Thursday, May 03, 2007

When Shrapnel Takes You Down Memory Lane

Ah yes,.. grenades. Or any kind of bomb, for that matter, is something to be concerned about when you live in an area that has been under civil war for three decades. Much like the land mine problems in many Eastern European countries, here too, you must be aware of explosives that are left over from the strife.

There was a tragically sad story yesterday about a group of teenagers who found a bomb encased in concrete. Not knowing what it was, thinking it was a ball because it was round, they brought it home and then used a hammer to extract the ‘ball.’ One of the boys died at the scene. There have been several incidences of villagers finding unexploded mortars and home made IEDs around the area. I’ve taken some time to explain to the boys what grenades and other explosives look like and hopefully teach them to be cautious when playing in the fields around the house. I tend to think we are okay since we live in such a heavily populated area, but you can never be too safe.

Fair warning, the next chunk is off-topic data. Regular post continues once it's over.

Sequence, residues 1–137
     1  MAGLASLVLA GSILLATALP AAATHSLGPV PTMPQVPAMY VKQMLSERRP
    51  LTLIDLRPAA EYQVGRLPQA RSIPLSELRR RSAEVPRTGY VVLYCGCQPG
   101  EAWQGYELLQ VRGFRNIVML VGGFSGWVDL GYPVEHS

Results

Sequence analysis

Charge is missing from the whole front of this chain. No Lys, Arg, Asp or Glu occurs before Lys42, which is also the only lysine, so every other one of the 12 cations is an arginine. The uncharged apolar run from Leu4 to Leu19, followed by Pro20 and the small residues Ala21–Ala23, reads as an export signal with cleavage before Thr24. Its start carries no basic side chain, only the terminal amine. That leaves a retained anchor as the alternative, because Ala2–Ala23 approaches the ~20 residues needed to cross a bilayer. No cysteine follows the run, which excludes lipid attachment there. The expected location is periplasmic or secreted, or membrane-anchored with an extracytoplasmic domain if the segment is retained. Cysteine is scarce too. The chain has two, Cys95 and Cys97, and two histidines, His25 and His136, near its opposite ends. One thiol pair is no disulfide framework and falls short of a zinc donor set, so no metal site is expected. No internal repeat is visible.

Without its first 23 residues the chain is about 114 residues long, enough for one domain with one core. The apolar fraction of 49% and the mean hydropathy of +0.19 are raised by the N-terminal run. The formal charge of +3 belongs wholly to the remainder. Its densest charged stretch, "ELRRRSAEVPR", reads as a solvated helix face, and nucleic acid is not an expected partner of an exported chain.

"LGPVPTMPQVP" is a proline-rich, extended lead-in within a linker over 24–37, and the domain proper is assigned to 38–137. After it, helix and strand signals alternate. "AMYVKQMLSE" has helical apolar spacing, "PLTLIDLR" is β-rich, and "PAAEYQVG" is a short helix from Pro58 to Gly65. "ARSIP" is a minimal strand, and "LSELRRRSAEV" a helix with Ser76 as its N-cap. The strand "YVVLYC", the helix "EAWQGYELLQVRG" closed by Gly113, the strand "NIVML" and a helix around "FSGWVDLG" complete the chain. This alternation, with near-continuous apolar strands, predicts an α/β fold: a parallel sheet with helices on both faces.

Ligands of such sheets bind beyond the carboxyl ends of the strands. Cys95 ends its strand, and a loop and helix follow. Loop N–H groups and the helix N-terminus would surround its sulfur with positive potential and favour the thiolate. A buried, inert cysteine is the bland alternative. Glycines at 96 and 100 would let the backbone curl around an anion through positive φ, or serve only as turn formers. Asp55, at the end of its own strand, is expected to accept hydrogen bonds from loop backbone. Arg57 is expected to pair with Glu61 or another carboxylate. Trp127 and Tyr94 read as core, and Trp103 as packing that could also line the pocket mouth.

What a childhood, eh? But, honestly, I had quite the exciting teenage years while living in Monrovia, Liberia. I’m the only person I know who had an excuse note explaining I missed school due to a coup attempt and couldn’t get back in town.

I remember being up in the mountains with friends – my father’s boss and his wife and daughter who was my age (my dad was an Army Major and the Military Attache for Liberia when we were there for two years.) After a fun day hanging out with a family that boasted a leopard and a chimp as pets, we woke up early the next morning to the news that six Liberians had been executed in the town and the insurgents were headed into Monrovia. Our families were dispatched from the town in a little plane. An airport security guard had been shot earlier that morning and the pool of blood was still on the tarmac. I remember my friend and I keeping my little brother busy singing songs and saying nursery rhymes after he asked ‘what that red stuff was over there.’